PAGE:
Ekaterin pounds on the door and calls out until Madame Radovas and a stunner-wielding Arozzi open it.  Ekaterin asks for a doctor for her aunt, or at least a place to lie down for a while.  They agree cautiously to the latter; Arozzi says it’ll be nice to have the bathroom back, and suggests putting them in the middle of the room where they can be easily watched, and anyway Ekaterin will be busy looking after her aunt.

A few minutes later, Madame Radovas escorts them to where a cot has been set up on one side of the room, far from the alarms.  Arozzi and Madame Radovas take turns holding the stunner on them while they get the Professora settled and get her a hot drink; Ekaterin acts as solicitous as she can while covertly taking in her surroundings.  The device is hooked up to more power, and Soudha, Cappell, and another man she doesn’t know are absorbed with preparing that.  Cappell makes markings on the floor, and Soudha uses a remote control to move the device’s float cradle to line up with them.  Ekaterin takes out her map cube and tries to figure out if it’s being aimed at the wormhole, and her best guess is that it might be.  She looks for exits; in addition to the bathroom and the entrance, there’s an external airlock, a door that might lead back to offices, and the glass-walled control booth.

She turns to questioning Madame Radovas about their plans; Madame Radovas says that they had planned to collapse the wormhole and sacrifice themselves, and it’s almost annoying that their hostages might give them a way out.  Though she did leave three children behind on the planet, and hopefully her death would keep them from becoming ImpSec hostages in their turn.  She says they voted on it, Komarran-style–she was considered to have inherited her husband’s voting shares–and only Soudha, who has no children, voted to wait and try again later.  Ekaterin asks about all the Barrayarans that could be cut off from their families, and Madame Radovas merely tells her to be glad she’s on the right side of the wormhole; she also claims that Barrayar’s industrial base is better than it was at the first Time of Isolation, so the planet should do better.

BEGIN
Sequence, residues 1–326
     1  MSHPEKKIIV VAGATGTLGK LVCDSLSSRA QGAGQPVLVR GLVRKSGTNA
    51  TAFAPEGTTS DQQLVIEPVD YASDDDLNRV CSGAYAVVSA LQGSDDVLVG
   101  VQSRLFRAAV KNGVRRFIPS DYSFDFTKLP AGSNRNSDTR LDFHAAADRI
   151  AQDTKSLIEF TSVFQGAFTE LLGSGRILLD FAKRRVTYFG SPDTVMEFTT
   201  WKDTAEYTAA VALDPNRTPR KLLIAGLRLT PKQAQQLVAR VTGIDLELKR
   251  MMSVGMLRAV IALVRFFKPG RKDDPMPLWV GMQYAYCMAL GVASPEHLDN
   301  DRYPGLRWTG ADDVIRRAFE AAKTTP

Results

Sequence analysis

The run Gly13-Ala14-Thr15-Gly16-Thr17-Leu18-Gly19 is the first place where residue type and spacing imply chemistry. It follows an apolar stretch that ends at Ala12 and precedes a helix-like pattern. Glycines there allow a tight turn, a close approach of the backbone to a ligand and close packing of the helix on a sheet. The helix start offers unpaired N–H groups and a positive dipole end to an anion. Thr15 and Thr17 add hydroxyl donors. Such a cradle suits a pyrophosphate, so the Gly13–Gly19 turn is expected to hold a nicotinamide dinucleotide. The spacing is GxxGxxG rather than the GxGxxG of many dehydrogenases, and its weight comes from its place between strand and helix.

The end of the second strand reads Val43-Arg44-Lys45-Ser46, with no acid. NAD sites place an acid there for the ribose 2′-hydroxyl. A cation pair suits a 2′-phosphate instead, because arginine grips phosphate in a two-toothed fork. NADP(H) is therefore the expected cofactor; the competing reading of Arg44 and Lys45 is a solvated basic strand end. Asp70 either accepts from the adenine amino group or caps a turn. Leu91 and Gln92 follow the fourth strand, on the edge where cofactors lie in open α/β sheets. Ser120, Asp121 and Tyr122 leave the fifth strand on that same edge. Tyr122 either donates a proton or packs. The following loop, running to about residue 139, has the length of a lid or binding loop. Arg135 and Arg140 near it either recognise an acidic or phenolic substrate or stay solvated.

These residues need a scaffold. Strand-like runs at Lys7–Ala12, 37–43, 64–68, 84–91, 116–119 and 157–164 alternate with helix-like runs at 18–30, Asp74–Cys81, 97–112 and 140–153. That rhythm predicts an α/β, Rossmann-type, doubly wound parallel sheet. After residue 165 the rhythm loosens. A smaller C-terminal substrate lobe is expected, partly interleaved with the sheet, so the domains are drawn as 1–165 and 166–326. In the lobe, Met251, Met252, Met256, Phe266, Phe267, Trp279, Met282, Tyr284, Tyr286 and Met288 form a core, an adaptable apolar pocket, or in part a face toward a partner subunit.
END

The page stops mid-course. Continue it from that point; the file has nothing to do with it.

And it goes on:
“How . . . do you expect to die?” asked Ekaterin. “Take poison together? Walk out an airlock?” And will you kill us first?

“I expect you Barrayarans will take care of those details, when you figure out what happened,” said Madame Radovas. “Foscol and Cappell think we will escape, afterwards, or that we might be permitted to surrender. I think it will be the Solstice Massacre all over again. We even have our very own Vorkosigan for it. I’m not afraid.” She hesitated, as if contemplating her own brave words. “Or at any rate, I’m too tired to care anymore.”